RESIDENTS of one of Scotland's richest streets are fighting plans to save a mansion built by one of the country's most celebrated architects.

Morar House, designed by William Leiper, sits opposite Charles Rennie Mackintosh's celebrated Hill House in Helensburgh.

Despite both properties being hailed as heritage gems, their fortunes could not have been more different.

Mackintosh's creation is looked after by the National Trust and attracts more than 40,000 visitors a year while its neighbour, "Hell House" – as it has been dubbed by locals – has been left to rot.

Now a battle has broken out between residents and a conservation architect who wants to save the building but only if he is allowed to convert part of it into flats and build more houses in the grounds.

Morar House, an 11-bedroom red-tiled mansion with commanding views of the Firth of Clyde, was built by Leiper for a Glasgow shipping family.

Following his successes with Dowanhill Church of Scotland in Glasgow, Templeton Carpet Factory on Glasgow Green and the interior of Glasgow City Chambers' Banqueting Hall, Leiper established a reputation as a leading Gothic architect.

However, while Hill House has been proposed as a World Heritage Site, the Leiper house was allowed to decay until Edinburgh-based architect Lorn Macneal bought it for £322,000 at auction last October.

He has now applied to Argyll & Bute Council to convert the interior into 11 flats and build a house and two mews cottages in the grounds to off-set the estimated £1.5 million cost of saving as much of the mansion as possible.

Mr Macneal's previous projects include Falkland Palace in Fife, the Pineapple House near Falkirk and Stevenson House in East Lothian.

He said: "At the moment we have Hill House on one side of the road and Hell House on the other. I want to create something that is in keeping with the landscape setting of Upper Colquhoun Street and befitting a conservation area."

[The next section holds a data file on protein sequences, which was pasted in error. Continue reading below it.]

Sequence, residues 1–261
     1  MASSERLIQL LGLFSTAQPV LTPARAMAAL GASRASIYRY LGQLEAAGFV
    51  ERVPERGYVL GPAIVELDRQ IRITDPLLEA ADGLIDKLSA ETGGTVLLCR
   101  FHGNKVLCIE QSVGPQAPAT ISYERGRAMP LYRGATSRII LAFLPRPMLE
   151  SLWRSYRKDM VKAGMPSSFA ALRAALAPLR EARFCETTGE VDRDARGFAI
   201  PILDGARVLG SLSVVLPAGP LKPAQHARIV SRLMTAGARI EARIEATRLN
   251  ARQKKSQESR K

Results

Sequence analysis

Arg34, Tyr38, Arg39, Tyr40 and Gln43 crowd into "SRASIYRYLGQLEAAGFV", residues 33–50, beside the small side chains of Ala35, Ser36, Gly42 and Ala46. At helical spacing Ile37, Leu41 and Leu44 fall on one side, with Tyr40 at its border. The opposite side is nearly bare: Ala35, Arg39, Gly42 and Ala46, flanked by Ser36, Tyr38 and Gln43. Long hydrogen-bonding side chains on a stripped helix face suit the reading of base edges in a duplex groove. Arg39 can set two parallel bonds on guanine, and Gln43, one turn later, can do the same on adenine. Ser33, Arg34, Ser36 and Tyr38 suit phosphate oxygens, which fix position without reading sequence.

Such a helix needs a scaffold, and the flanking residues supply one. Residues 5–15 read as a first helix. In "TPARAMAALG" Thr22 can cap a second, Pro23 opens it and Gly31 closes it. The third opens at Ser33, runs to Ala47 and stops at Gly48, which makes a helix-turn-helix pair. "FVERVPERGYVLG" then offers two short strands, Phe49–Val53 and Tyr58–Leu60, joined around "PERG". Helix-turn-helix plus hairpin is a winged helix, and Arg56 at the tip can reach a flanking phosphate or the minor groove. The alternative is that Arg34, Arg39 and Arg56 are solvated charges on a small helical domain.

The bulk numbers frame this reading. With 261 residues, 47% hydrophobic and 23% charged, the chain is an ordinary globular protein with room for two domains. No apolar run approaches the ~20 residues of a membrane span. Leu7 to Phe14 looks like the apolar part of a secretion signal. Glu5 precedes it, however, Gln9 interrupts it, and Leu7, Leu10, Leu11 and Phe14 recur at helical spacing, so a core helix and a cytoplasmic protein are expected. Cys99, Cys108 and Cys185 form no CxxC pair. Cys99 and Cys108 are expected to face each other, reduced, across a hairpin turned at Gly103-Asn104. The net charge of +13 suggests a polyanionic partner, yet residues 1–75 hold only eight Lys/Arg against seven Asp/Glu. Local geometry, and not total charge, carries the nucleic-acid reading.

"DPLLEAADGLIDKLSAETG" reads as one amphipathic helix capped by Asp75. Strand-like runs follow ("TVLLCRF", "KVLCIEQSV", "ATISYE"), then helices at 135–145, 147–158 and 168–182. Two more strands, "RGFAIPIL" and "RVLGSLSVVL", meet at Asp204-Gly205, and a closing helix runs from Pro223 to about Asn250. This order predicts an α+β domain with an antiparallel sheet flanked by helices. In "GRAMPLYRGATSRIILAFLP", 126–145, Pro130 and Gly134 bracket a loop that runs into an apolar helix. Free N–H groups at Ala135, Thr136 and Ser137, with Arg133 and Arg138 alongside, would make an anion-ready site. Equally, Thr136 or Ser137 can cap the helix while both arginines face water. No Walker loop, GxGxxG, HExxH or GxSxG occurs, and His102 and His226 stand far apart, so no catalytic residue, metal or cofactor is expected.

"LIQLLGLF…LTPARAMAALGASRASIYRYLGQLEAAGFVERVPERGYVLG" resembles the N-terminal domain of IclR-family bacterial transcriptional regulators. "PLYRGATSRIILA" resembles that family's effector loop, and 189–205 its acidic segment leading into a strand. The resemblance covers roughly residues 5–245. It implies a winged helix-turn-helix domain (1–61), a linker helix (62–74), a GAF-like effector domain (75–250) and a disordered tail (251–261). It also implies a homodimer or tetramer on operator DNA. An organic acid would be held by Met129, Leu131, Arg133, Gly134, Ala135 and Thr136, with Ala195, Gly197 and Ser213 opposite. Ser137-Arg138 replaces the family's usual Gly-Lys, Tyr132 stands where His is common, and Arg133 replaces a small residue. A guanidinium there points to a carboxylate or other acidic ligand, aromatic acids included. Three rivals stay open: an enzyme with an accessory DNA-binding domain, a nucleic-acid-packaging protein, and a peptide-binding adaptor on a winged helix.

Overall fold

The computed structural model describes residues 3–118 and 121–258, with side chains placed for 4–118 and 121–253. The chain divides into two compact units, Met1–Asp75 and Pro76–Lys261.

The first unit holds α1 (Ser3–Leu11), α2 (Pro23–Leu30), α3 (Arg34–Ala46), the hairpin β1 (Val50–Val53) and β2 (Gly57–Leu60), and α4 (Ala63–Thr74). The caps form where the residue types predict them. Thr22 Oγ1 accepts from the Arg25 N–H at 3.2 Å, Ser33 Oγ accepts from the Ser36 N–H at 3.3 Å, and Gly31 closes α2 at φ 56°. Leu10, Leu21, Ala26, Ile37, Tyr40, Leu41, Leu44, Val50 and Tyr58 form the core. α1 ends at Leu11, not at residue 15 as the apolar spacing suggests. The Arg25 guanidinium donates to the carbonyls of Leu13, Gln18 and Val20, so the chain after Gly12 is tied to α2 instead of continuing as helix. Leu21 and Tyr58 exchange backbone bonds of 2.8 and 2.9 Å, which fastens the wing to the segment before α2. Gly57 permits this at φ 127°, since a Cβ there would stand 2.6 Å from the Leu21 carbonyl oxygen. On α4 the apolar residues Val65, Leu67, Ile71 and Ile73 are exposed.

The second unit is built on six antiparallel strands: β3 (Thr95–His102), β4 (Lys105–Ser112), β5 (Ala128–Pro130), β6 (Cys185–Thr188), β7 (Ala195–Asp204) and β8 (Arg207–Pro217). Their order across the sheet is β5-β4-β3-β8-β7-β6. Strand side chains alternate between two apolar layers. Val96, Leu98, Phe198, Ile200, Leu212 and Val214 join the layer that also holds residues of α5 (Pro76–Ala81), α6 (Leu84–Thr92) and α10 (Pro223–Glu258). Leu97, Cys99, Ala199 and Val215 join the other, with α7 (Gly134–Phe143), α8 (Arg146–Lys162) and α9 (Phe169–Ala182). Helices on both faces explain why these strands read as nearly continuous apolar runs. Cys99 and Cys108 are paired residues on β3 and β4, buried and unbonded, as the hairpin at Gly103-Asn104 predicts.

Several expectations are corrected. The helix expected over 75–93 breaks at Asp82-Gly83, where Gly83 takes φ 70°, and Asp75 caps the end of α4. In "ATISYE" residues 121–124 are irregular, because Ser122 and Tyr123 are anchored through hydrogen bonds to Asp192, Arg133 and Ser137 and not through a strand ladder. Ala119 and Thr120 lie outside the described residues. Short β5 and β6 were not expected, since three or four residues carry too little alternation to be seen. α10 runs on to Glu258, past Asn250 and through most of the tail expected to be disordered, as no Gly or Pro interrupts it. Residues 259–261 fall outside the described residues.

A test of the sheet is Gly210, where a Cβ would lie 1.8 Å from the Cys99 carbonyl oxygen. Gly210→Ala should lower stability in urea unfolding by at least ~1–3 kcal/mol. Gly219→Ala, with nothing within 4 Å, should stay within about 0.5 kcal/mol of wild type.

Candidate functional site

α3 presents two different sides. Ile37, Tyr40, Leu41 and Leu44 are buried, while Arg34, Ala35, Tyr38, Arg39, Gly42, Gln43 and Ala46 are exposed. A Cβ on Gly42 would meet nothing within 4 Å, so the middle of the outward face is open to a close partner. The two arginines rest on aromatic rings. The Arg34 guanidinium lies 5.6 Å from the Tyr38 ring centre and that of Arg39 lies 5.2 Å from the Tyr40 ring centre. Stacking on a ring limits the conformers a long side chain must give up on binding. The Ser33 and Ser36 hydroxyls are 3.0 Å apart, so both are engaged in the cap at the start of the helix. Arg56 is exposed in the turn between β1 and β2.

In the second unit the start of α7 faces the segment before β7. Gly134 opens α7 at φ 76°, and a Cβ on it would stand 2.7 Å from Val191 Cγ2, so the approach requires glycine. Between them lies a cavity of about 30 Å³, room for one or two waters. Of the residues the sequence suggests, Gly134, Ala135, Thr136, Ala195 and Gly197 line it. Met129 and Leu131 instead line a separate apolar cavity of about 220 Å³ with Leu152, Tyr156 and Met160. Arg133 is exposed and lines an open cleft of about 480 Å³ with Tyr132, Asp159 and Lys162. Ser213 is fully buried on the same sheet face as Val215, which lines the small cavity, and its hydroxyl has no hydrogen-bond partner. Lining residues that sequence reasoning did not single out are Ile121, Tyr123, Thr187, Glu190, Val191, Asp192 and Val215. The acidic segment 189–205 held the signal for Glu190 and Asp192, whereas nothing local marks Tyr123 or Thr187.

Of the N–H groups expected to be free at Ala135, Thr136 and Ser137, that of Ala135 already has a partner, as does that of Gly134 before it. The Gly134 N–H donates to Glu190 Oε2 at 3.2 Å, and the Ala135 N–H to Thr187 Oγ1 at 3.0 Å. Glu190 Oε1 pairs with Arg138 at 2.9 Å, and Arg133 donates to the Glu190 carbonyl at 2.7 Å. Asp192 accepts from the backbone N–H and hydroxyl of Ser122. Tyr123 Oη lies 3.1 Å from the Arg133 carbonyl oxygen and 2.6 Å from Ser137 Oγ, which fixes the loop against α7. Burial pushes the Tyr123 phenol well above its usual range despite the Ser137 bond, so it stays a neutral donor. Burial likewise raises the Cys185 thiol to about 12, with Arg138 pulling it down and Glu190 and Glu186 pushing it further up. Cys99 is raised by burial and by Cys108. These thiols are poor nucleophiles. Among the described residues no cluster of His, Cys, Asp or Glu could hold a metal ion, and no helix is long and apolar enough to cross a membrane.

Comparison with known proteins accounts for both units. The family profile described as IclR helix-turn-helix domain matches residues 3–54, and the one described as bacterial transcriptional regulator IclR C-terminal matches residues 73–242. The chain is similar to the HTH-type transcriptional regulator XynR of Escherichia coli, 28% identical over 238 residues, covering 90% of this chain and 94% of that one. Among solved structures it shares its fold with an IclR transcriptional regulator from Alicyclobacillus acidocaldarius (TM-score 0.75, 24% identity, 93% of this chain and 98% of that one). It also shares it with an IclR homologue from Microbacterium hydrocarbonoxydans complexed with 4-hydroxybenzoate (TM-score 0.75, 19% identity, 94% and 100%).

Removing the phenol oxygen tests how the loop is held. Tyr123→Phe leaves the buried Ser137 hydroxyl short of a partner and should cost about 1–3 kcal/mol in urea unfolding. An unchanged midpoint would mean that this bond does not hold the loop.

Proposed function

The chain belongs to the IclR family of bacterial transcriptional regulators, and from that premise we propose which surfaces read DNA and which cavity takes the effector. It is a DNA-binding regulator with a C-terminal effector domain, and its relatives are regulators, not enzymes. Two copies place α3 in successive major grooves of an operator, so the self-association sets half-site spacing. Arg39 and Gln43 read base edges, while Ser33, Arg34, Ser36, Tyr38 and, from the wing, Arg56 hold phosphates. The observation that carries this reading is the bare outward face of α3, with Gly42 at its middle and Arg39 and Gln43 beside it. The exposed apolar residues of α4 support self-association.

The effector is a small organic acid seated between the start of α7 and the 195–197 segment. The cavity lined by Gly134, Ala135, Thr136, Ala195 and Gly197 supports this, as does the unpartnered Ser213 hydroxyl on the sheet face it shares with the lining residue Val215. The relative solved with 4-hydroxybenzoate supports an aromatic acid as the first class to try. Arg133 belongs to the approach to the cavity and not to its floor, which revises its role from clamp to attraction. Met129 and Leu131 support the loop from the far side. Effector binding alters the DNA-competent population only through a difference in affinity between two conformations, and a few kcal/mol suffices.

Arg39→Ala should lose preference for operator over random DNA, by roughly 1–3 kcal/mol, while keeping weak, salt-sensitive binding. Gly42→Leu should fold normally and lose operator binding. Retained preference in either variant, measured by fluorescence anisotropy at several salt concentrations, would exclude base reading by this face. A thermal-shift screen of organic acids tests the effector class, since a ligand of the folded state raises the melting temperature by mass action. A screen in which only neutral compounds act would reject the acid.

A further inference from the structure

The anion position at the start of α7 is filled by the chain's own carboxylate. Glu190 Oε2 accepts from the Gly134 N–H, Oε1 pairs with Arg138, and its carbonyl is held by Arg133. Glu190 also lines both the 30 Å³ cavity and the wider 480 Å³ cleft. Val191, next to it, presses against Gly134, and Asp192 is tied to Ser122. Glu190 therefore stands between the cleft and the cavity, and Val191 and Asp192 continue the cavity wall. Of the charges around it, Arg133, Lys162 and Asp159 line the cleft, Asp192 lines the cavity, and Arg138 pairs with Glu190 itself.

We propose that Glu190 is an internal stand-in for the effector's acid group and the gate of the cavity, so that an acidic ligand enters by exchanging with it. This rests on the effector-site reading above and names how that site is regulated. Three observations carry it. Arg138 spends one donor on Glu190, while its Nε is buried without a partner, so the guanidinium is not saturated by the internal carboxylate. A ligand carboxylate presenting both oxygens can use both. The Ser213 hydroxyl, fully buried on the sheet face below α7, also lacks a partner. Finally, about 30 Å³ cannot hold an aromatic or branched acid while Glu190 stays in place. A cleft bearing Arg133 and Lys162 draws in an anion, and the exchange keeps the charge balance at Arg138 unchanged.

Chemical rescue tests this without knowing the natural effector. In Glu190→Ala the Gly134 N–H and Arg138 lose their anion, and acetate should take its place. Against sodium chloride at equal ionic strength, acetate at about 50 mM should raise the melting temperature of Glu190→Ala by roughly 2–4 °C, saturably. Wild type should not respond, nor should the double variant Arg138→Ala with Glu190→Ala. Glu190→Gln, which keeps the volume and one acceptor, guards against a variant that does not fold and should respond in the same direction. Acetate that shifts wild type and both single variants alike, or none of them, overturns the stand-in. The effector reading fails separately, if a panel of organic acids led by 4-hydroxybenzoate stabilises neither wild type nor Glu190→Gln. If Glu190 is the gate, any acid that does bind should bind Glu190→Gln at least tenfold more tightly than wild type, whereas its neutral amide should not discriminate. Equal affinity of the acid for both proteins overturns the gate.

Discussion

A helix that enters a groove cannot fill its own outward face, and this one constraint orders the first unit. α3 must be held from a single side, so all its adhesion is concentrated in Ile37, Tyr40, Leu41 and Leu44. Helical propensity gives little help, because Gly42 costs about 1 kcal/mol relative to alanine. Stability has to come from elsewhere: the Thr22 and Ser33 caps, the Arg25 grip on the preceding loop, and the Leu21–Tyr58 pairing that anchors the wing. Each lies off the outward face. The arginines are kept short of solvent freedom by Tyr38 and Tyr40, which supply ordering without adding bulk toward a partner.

However, his plans have run into some opposition from residents of a street where properties fetch up to £800,000.

Helensburgh Community Council has written to Argyll & Bute planning authorities expressing concerns that the proposals will lower the architectural importance of the A-listed building, which features on Historic Scotland's Buildings at Risk Register.

Other residents of Upper Colquhoun Street, which has 18 houses, have complained about invasion of privacy, an increase in traffic and damage to the conservation zone.

Retired businessman John Ashworth, whose property borders Morar House, said: "The proposed development as it stands would constitute a gross intrusion into my privacy.

"The plans have been designed to protect the facade of the property the public will see from Hill House but it means the rear wall of the new development will run for some 60 yards, just four metres from the boundary of my property. I don't believe that is in-keeping with a conservation area."

Helensburgh Civic Society has called on the council to seek the views of Historic Scotland before making a decision in order to head off any costly delays in resolving the issue.

Much of the interior of the building has already been lost to dry rot, damp, decay and vandalism and Mr Macneal has warned that if he is refused planning permission the project will have to be abandoned, fuelling fears the Leiper house will be demolished.

He said: "This is a major project. I cannot go on putting in good money after bad. If permission is refused I will have to take the hit and move on. I'm not trying to put a gun to anyone's head – it is simple practicalities."